The rise in the rate of drug-related crimes in Iraq's Kurdish region underscores the disruptive and destabilising role of Iran's Islamic Revolutionary Guard Corps (IRGC) and its proxies, who are heavily involved in the drug trade.
Most narcotics entering the Kurdish region and the rest of Iraq are smuggled in by armed groups backed by the IRGC or its partners, experts said, noting that drug trafficking is a significant source of funding for these groups.
During a September press conference, the Kurdish region's Interior Minister Rebar Ahmed Khalid announced that drug trafficking and crimes related to drug abuse are on the rise.
This adds to the burden of responsibility shouldered by security forces, he said.
Arrest records show that some 5,000 people were arrested in the northern region in 2021 in connection with drug trafficking and drug abuse offenses, which is more than double the number of arrests recorded in 2020.
According to Kurdistan Organisation for Human Rights Watch (KOHRW) executive director Hoshyar Malo, drug smuggling has become a serious problem in Iraq.
"There is a large influx of drugs, mostly from Iran," he told Al-Mashareq.
"Iraq is no longer just a place where these poisons are consumed, but also a place for trafficking them and a corridor for smuggling them to other countries," he said.
"The indicators are frightening, and yet there are no effective measures being taken to curb this threat."
Large influx of drugs
Malo said powerful militias, political parties and influential figures are using their influence to bring narcotics into Iraq from Iran through illegal border crossings and that they are profiting from this illegal trade.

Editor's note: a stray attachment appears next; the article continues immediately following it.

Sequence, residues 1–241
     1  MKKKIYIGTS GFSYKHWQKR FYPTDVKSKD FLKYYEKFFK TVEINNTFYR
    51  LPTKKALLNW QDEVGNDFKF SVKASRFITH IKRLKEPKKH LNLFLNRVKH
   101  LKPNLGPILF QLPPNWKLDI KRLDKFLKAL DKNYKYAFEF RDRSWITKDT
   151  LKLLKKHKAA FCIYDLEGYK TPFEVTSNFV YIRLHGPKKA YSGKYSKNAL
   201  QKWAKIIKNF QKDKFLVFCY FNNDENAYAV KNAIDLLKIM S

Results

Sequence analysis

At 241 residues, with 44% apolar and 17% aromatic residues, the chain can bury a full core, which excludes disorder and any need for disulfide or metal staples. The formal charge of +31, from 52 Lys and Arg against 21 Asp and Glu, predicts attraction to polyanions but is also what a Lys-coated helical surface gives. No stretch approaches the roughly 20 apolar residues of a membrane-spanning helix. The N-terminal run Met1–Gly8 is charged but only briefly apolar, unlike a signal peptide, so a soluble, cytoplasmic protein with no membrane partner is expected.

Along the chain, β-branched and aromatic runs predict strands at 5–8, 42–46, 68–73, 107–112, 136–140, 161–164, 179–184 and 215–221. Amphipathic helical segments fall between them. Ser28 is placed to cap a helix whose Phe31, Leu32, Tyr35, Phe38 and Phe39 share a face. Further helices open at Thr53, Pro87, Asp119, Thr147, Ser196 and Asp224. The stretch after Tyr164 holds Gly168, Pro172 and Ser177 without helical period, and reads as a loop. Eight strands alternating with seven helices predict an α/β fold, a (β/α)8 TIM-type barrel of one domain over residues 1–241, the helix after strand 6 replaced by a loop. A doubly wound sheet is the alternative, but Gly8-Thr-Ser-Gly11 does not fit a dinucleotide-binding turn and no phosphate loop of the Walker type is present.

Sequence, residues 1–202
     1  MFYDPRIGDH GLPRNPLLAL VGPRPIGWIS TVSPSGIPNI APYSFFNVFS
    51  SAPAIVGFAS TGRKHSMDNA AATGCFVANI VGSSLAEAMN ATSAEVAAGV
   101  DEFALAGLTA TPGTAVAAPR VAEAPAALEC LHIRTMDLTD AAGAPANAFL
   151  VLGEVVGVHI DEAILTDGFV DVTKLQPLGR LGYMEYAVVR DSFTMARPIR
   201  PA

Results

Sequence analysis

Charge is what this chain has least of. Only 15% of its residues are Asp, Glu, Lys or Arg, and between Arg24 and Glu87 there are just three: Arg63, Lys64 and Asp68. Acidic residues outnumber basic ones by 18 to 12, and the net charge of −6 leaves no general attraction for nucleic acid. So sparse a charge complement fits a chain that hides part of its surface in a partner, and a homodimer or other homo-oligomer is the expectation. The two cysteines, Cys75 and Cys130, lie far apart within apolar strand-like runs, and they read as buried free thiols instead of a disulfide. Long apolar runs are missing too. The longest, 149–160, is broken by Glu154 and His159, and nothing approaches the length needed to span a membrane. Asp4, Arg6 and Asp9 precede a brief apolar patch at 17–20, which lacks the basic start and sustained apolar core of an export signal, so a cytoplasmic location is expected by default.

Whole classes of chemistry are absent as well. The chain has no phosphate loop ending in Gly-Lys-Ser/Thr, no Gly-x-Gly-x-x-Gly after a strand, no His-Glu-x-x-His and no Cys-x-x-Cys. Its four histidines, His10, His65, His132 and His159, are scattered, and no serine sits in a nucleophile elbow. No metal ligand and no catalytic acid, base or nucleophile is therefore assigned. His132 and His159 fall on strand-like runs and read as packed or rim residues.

The KOHRW has helped local authorities arrest individuals who sell narcotic substances online, he said, without giving a figure for the arrests.
He stressed, however, that drug users should be treated as victims under the law, rather than as criminals, and called for legislation to be updated accordingly.
These individuals should not be imprisoned but should instead undergo drug addiction treatment and rehabilitation as patients, he said, pointing to the need for rehabilitation and recovery centres across Iraq.
According to local observers and previous reports, units 190 and 400 of the IRGC's Quds Force (IRGC-QF) are leading covert arms smuggling operations and also directing the transport of drugs into Iraq, via allied militias.
In under two years, Iraqi security authorities said they have been able to seize about 900kg of narcotics, including hashish, heroin and crystal methamphetamine, in addition to some 19 million narcotic pills.
The majority of these shipments originated in Iran or Syria, they said, and were destined for distribution and sale in several areas of Iraq, including the north.
Tighter border control
Campaigns to crack down on drug trafficking have resulted in the arrest of at least 17,000 individuals accused of involvement in drug dealing and smuggling over the past two years.
Many were directly linked to the Iran-backed militias or were under their protection.
On January 11, Iraqi army spokesman Yahya Rasul announced that the Iraqi National Intelligence Service had dismantled a network of 10 major drug traffickers and dealers in Baghdad.
With its drug smuggling, Iran is engaging in subversive activity that is no less dangerous than the proliferation of weapons and rockets, political expert Rabie al-Jawary said.
Drugs are spreading throughout Iraq, including in the Kurdish region, he said, adding that the danger they pose is growing because of the high level of unemployment, poverty and corruption in the country.
He stressed the need to exercise tighter control over the 1,400km-long border with Iran and to take a more stringent approach in dealing with drug traffickers.